MSE seniors Komal Syed (left) and Ben Jones (right).
Department of Materials Science and Engineering seniors Ben Jones and Komal Syed have been awarded National Institute of Standards and Technology–American Recovery and Reinvestment Act (NIST-ARRA) Measurement Science and Engineering Fellowships. The two undergraduates are spending the fall semester at NIST's Material Measurement Laboratory (MML).
Jones is assigned to the MML's Polymers Group. Under the guidance of Dr. Ron Jones, he works on simulations and data fitting of neutron scattering of polymer microstructures. The work is part of efforts by a consortium called nSoft, consisting of members from academia, industry and NIST, to evaluate and polymer macrosctructures and improve their properties, making them suitable for use in American industry.
"It's almost all programming, but my background in materials engineering gives me the insight to understand what the code is modeling and what the correct answers should be," says Jones.
Prior to his fellowship, Jones was a member of MSE Professor and Chair Robert M. Briber's research group, where he worked under research associate Dr. Xin Zhang on block copolymer thin film self assembly. He also participated in another project at NIST in which he studied organic semiconductors at the Physical Measurements Lab under Dr. Michael Walsh.
Jones, who is interested in polymer physics and processing, scattering theory and crystallography, will be applying to graduate schools this year to pursue a doctorate in materials engineering.
Syed is working with Dr. Adam Creuziger in the MML's Metallurgy Division. She began working for Creuziger in Summer 2012 as a Summer Undergraduate Research Fellow, an experience that inspired her to apply for a NIST-ARRA Fellowship in the hope of continuing her research. Her project involves the statistical analysis of crystallographic texture (the preferred orientation of grains) in polycrystalline materials like steel.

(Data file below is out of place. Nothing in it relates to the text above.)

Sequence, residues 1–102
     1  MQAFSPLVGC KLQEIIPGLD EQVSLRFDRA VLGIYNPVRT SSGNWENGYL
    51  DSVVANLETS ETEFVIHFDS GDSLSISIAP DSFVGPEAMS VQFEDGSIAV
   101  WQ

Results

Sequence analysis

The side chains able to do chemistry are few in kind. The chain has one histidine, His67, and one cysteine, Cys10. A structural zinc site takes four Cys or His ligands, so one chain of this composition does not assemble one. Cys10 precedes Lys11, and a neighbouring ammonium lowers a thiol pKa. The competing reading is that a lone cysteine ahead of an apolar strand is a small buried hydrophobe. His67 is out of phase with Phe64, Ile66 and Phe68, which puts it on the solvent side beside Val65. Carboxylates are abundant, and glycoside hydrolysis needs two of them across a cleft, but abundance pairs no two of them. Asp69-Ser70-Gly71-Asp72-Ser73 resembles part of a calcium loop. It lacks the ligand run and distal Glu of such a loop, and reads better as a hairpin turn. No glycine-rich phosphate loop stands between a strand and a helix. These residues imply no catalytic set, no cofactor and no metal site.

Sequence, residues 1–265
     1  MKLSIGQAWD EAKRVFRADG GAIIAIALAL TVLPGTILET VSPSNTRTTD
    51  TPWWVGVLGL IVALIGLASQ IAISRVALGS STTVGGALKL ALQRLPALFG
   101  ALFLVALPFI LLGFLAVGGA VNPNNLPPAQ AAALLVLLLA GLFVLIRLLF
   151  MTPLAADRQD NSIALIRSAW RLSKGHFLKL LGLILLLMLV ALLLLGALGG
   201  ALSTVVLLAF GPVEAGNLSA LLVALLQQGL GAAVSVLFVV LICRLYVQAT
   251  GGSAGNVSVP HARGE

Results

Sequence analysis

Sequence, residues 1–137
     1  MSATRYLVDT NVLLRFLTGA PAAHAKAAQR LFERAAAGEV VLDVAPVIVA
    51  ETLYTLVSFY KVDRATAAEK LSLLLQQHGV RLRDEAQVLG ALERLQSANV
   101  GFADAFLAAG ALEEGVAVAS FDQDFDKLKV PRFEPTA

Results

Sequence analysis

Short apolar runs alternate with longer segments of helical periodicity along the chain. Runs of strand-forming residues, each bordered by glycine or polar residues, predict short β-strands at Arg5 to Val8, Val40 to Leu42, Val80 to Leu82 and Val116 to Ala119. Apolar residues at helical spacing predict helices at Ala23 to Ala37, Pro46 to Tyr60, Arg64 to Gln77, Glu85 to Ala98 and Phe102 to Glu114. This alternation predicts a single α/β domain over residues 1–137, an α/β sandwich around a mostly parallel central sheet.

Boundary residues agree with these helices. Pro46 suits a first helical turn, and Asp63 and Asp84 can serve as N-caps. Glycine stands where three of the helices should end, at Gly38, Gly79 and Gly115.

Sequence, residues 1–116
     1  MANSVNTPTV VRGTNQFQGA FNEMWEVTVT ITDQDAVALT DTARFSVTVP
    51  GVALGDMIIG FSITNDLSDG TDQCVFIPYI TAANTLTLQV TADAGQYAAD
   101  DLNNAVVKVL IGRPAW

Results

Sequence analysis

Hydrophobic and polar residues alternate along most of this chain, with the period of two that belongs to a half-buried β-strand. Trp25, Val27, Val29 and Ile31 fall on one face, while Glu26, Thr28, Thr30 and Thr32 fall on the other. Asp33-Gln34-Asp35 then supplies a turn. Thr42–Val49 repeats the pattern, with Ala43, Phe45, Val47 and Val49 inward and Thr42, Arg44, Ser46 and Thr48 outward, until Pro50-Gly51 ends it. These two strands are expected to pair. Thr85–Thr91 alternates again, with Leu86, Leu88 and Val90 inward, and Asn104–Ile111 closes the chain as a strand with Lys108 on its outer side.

"Crystallographic texture is a result of material processing which can have strong affects on the final product performance," she explains. "Orientation Distribution Function (ODF) is a normalized probability distribution function used to describe crystallographic texture. However...[not] much work [has been] done yet to quantitatively estimate the measurement uncertainty associated with ODF calculations. I am working with Dr. Creuziger...to investigate the bias errors in ODF calculations by analyzing the diffraction data from two independent techniques: neutron diffraction and electron back-scatter diffraction."
Syed says her MSE coursework helped prepare her for her fellowships, and she's excited about the opportunity to apply what she's learned to real-world engineering problems. "My [MSE] specialization area is Applications of Materials and Manufacturing," she explains. "I am really interested in radiation effects of materials, both metals and polymers in general. My work at NIST is mainly related to metals, steel in particular, so MSE courses like Physics of Solid materials, Materials Lab, and Macroprocessing are specifically useful."
Prior to joining NIST, Sayed was a member of MSE professor Sreeramamurthy Ankem's research group, in which she studied the behavior of titanium alloys. After earning her B.S., Sayed would like to continue her work at NIST before applying to graduate school.
The NIST-ARRA program, which is made possible by a $15 million grant, will bring some 50 fellows per year over three years to work at NIST laboratories in Gaithersburg, Md., and Charleston, S.C., providing new research collaborations among students, faculty and NIST scientists. The program's goal is to further develop a future scientific talent pool with extensive training in measurement science and engineering.
For More Information:
Visit the NIST-ARRA Measurement Science and Engineering Fellowship web site to learn more the program and and how to apply for graduate, postdoctoral, and research fellowships.
Visit the Material Measurement Laboratory web site web site »
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